If he were alive now, and someone had managed to treat him of his terminal insanity and sit him down in front of a console with you, he’d tell you this: “play Gears of War 3.” (It’s all about survival of the fittest, he’d love it.) Why would he tell you to do that? Because there will be one map on the Online Versus you actively despise. So, he’d tell you to boot up Versus, play a few rounds and wait for that map to load. The anxiety or dread you feel when you see the top-down illustration of the map (let’s be honest, it’s usually Rustlung) would usually have you think, “right, let’s get this over and done with” and just play until it was all over, enjoying precious little of the 15 minute match.  Nietzsche would attempt to redirect you. He’d probably advise you to take stock of your situation and sniff out all the best spots on the map; learn the weapon spawn locations, find the most defensive (yet strategically placed) cover, remember the best place to plant grenades. Nietzsche would argue that your anxiety would take you to an accurate analysis of what’s wrong, and work on trying to remedy it.

It all sounds a little bit obvious, and chronically patronising, but after considering the blasphemy of applying Nietzsche to gaming, I tried this method on a fair few maps/games. For example, I was stuck in a section of Halo: Reach on Legendary, and after countless attempts at bursting through the Covenant lines (I believe it was the various nightclub clearances in New Alexandria), I took the time to deconstruct why I was having the problems I was, and re-piece them strategically. After that, aside from some Grunt launching a spammy plasma grenade at me, I beat the mission promptly, with minimal amounts of dismembered Spartan decorating the landscape.  It’s worth a shot, at least. It’s worked for me on Ultimate Marvel Vs. Capcom 3 on the hardest difficulty, it’s helped me get better online at Gears, it’s almost let me complete Reach on Legendary, and I think I’m just about to break through with how stupidly hard Arkham City is on New Game+, top difficulty.

I think Nietzsche would have liked gaming, in its current form. All the “evolve or die” tactics used by online players are a sort of pseudo-homage to him, and he would just adore some of the thematic narratives told in games like Mass Effect and Assassin’s Creed (especially with his cynical view on Templars – I mean, Catholics). Nietzsche said that weak, untrustworthy people are “addicted to a religion of comfort” and loathed what he referred to as “small, mean people, who hide in forests like shy deer”. In his day, he was talking about the cowardly politicians and public figures that used shrewd tactics to influence others. In our day, he’d call them “campers”.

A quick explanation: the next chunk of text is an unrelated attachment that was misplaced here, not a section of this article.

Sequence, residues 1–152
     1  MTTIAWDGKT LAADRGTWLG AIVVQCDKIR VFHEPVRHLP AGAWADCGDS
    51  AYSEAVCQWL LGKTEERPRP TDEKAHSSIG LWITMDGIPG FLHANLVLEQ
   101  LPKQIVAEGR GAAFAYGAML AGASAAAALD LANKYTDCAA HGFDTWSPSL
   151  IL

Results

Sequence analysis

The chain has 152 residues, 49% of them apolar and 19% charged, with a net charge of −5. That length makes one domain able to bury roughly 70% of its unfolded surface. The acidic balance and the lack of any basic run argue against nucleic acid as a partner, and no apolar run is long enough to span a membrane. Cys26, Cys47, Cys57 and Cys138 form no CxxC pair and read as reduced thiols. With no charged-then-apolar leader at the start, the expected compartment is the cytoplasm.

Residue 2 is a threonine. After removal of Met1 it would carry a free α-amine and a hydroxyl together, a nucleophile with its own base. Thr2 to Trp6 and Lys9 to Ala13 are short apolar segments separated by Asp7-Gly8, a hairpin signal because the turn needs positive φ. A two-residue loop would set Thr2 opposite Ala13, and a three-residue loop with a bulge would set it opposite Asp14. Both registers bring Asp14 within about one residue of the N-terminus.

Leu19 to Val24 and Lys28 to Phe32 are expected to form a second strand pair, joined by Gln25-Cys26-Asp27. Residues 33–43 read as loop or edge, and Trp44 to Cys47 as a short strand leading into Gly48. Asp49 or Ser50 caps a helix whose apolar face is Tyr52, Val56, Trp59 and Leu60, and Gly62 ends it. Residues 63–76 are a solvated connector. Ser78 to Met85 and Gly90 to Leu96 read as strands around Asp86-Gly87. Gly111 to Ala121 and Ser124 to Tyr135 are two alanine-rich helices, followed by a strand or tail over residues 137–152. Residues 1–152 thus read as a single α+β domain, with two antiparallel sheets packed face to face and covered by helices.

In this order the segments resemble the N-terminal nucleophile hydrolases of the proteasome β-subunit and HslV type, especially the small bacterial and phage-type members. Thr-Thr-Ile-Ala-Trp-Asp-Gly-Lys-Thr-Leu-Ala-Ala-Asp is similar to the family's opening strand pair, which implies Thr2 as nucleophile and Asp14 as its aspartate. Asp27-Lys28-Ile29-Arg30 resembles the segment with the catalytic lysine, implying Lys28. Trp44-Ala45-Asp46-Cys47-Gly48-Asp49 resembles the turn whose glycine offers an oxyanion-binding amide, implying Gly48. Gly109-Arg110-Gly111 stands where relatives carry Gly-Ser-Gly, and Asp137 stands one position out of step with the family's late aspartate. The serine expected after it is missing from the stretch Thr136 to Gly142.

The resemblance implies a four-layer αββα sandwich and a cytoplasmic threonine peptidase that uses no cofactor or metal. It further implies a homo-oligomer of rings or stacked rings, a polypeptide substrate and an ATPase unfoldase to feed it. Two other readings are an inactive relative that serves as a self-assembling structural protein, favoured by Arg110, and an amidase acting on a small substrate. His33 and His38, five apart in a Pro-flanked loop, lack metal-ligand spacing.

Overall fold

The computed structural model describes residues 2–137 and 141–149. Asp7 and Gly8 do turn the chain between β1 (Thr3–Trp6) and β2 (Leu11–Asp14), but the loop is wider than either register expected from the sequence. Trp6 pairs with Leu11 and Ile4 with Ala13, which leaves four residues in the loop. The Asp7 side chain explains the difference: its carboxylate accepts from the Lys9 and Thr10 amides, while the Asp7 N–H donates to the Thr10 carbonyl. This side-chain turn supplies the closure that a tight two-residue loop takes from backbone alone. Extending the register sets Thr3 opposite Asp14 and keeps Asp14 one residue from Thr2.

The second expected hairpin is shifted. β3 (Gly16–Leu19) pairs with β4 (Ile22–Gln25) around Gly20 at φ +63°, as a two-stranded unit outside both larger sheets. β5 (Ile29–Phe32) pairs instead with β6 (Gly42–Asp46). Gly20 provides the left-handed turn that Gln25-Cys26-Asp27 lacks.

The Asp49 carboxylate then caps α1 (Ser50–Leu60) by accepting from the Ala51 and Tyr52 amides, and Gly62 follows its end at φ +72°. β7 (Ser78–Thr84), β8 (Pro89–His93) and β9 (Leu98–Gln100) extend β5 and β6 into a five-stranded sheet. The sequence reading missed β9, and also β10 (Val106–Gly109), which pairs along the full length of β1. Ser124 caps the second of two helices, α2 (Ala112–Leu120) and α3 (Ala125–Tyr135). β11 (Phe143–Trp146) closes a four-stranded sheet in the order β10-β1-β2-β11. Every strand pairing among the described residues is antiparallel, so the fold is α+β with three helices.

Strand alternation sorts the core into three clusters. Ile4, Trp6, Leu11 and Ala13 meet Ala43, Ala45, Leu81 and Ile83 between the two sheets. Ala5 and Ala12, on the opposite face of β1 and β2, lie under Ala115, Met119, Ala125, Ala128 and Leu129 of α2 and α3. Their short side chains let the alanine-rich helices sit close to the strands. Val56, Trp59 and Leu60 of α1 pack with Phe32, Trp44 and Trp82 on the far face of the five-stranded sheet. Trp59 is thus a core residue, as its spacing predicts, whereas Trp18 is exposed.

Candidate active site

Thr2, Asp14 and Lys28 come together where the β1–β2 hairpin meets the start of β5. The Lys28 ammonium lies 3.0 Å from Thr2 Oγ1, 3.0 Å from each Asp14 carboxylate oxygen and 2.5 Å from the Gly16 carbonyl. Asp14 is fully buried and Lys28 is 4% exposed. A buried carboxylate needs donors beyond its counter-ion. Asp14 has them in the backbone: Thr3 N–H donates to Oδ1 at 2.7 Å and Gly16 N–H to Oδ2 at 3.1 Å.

It’s safe to say that everything written here is diluted, vague and very brief, and doesn’t tap into the deep well of knowledge Nietzsche had. But it proves that gaming is like any other art form, and can be deconstructed as such.  I don’t know… Nietzsche may have even hated gaming – it was he who famously quoted “what doesn’t kill you makes you stronger”.

He’d obviously never experienced a spammy headshot.

Last five articles by Dom



  1. Ste Ste says:

    Well played sir, I thoroughly enjoyed this. Looking forward to the next part. Keep it up.

  2. Mark R MarkuzR says:

    The only philosopher that I ever found a kinship with was the late, great, William Melvin Hicks… apart from his penchant for cigarettes. It’s fair to say though, having read what you’ve said about Nietzsche here, that he’s damned spot on with his attitude to the pain vs reward situation. I have known people, and still do, who have life handed to them on a plate and they take it for granted. By way of comparison, I also know those who have suffered most of their lives and appreciate everything that they have achieved because they can balance it up with the memory of having nothing.

    Participating in the National Lottery is something that I’ve only considered doing in the last week or so, mainly through frustration, as I tend to believe that having something is pointless if you haven’t had to fight to get it. Perhaps that’s why, for my entire working life, I’ve strived for perfection and put in more hours in a week than most would consider doing in a month, but at least I know that anything I have around me is something that I fought for.

    This Nietzsche guy looks to be more than just a substantial moustache. I bet he’d be shit at Halo though, as it’d be hard to hear any tactical recommendations through that forest of mouth hair. Liking this series a lot already Dom; hope it continues.

  3. Edward Edward says:

    I don’t know much about philosophers (That’s what my best friend is for), but I know I like this article and this series. I hope to see more of it, Sir Dom!

  4. nowhereman1989 says:

    You are completely misguided and prove you have misread him when you say Nietzsche is a nihilist.
    Actually, Nietzsche’s thought was all about the affirmation of life, love, instinct and a celebration of personal power and individuality. He wrote extensively about the nihilistic tendencies of most dogmatic philosophies/religions.
    He saw the malaise that was taking hold of Europe embodied by the eradication of Christianity by Science (AKA God is Dead), and sought to replace the fading value system with one that affirms life,
    AKA the will to life.

    Read up some more on him.